Molding two dissimilar materials together can be difficult, which makes it a great niche skill for MRPC in Butler.
The company, which molds silicone rubber, thermoplastic and medical rubber components, has seen success in its niche. MRPC acquired Largo, Fla. liquid silicone molder ETI Inc. in April, adding 17 employees, a second location and expanded silicone capabilities.
“We do have an acquisition strategy,” said Mark Brandstaetter, vice president of sales and marketing. “Also, customers are looking for us to have a contingency plan.”
The company is also growing organically, with 49 new hires so far in 2012. There are now 126 employees in Butler and 18 in Florida.
Chemists at MRPC create compounds, which are then molded. Sometimes, materials are bonded to other compounds, which can be a difficult process to perfect. It’s MRPC’s core competency, Brandstaetter said. The bonds are tensile tested to assure they are strong and secure.
In thermoplastic molding, pellets are heated until they become molten and the material is injected into a mold, where it solidifies.
Medical rubber is formed by vulcanizing gum, while silicone is made using a similar process and different chemicals.
“Silicone is very commonly used in the medical business because it’s inert, it’s clean, it doesn’t give off any chemicals that could potentially harm someone,” Brandstaetter said.
Because many of its products are used in medical settings, including tools for laparoscopic surgeries and as parts of cardiac rhythm devices and long-term implantable joints, MRPC does most of its manufacturing work in five clean rooms at its Butler plant.
Some of the clean rooms are level eight, while others are level seven, depending on the specifications for the part. The particulates in the air of a level seven clean room are 10 times cleaner than a level eight.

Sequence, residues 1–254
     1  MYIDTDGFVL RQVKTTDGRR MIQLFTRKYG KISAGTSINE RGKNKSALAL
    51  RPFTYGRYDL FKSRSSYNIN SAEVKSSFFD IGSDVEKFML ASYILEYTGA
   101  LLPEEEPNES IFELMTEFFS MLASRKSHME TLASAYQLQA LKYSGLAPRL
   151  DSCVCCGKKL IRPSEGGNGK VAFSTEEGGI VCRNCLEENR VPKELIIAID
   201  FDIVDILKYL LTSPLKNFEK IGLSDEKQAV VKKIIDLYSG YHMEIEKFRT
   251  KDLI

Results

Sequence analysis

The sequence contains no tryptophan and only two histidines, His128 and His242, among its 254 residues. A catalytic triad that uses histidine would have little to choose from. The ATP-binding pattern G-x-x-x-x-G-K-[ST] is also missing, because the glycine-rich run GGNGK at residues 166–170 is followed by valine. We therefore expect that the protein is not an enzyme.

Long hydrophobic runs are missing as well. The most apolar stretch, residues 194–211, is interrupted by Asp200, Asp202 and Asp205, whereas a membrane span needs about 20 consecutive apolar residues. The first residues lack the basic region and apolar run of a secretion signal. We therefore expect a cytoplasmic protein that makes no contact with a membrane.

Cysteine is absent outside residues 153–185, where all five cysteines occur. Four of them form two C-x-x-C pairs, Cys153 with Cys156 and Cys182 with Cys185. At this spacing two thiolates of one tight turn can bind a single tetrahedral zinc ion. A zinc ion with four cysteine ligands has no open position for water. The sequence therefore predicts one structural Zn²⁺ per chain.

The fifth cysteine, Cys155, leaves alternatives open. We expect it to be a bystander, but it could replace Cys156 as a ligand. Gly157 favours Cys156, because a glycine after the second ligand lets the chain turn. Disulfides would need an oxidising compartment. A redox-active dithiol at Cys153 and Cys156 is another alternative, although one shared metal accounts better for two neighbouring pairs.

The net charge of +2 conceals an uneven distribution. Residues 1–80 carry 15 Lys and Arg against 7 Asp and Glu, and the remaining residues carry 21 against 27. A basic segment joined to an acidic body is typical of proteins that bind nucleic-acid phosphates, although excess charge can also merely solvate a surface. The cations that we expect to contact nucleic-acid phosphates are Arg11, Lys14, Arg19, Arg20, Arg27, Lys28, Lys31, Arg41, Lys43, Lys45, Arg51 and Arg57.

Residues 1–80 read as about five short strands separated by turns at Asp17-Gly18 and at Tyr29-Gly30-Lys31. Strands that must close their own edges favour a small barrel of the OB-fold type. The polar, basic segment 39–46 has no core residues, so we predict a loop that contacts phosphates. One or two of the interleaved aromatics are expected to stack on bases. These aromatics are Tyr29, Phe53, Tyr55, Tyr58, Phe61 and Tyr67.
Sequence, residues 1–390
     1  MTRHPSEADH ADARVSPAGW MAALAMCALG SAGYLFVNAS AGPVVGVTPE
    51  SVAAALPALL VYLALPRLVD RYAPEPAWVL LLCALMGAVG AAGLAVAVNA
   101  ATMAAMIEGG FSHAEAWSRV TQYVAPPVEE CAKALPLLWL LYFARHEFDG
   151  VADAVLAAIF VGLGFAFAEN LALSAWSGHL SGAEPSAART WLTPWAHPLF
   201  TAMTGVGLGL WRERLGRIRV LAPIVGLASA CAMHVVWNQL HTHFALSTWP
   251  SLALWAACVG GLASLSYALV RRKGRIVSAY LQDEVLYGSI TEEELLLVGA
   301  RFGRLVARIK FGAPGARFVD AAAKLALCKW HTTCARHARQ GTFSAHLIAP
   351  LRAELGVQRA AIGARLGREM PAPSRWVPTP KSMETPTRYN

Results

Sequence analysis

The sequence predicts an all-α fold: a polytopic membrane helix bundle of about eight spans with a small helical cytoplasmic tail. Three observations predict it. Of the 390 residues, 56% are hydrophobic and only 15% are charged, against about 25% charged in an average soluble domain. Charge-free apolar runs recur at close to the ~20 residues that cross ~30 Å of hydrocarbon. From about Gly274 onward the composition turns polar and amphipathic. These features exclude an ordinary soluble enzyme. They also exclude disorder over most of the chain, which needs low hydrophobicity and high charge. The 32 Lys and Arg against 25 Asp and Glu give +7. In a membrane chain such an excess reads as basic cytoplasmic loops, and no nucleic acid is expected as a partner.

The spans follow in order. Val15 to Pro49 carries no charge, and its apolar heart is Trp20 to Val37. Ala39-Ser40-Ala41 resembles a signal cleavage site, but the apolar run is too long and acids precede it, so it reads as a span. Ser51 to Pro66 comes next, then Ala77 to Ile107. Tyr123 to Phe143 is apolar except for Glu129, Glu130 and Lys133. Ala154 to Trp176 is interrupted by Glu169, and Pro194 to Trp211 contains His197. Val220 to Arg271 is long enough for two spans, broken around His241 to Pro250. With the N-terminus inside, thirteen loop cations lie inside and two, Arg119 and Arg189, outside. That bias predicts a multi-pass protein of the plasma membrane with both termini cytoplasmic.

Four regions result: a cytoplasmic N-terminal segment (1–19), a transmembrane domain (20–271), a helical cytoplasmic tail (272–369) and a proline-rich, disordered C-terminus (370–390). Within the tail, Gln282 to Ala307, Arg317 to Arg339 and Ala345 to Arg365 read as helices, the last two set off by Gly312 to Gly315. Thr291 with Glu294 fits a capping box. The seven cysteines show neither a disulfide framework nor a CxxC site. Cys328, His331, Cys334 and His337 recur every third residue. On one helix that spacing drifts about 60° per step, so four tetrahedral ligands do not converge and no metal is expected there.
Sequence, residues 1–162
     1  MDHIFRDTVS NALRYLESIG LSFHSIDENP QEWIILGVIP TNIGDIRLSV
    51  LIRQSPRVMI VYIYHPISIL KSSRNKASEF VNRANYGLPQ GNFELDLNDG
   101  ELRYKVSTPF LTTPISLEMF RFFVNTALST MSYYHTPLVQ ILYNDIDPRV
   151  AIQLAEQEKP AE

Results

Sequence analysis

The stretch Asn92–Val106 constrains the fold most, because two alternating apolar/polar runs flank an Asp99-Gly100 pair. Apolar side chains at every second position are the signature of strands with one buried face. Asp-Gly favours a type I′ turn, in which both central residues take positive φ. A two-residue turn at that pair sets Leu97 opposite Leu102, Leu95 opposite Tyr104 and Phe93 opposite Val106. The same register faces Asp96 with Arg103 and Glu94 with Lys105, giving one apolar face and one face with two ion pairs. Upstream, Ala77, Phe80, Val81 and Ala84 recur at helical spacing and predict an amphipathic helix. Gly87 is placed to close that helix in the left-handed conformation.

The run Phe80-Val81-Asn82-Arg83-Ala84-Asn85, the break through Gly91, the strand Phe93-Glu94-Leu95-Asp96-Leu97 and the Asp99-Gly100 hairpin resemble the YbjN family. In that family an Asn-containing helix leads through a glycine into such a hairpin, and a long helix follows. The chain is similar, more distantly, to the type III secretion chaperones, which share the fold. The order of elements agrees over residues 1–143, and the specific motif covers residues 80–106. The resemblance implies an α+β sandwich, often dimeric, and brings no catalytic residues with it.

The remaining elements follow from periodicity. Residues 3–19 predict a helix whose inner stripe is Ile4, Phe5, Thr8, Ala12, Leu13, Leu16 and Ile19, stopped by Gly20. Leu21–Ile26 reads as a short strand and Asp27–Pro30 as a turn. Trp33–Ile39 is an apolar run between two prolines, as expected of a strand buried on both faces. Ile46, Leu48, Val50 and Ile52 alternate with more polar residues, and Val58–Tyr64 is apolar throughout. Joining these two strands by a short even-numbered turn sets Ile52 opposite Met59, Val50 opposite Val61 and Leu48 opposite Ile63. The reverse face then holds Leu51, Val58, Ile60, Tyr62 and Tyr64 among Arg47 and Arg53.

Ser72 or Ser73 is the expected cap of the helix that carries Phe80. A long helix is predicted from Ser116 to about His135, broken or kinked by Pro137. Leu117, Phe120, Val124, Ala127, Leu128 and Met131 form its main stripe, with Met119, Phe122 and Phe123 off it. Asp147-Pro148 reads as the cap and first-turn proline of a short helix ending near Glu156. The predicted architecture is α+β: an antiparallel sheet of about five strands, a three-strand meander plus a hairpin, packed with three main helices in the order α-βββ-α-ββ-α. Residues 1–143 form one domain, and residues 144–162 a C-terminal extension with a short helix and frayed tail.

Each clean room has a quality department next door to test the parts.
It can take two or more years to bring a product from prototype to production because of the regulations imposed on medical parts, so MRPC works with customers and protects intellectual property along the way, Brandstaetter said.
A new clean room and equipment have been added this year, driven by new business development and the domestic growth of customers who are insourcing production.
MRPC can put a customer’s name and label on its parts, and usually works as a contractor. Its customers ship parts globally, but they are mostly used in the U.S.
“We deal with the top 20 medical device manufacturers,” Brandstaetter said. “There’s an advantage for people to come here because they don’t have to mold it here, ship it somewhere else.”
The company makes about 1,000 different components in volumes ranging from 5,000 per year to 3 million per year. More than 20 million components are sold each year, he said.
MRPC continues to grow, as president Greg Riemer plans to add a 15,000-square-foot, $2 million expansion to the 91-year-old company’s 85,000-square-foot Butler plant next year.
“We want to grow the company both internally and externally,” Riemer said.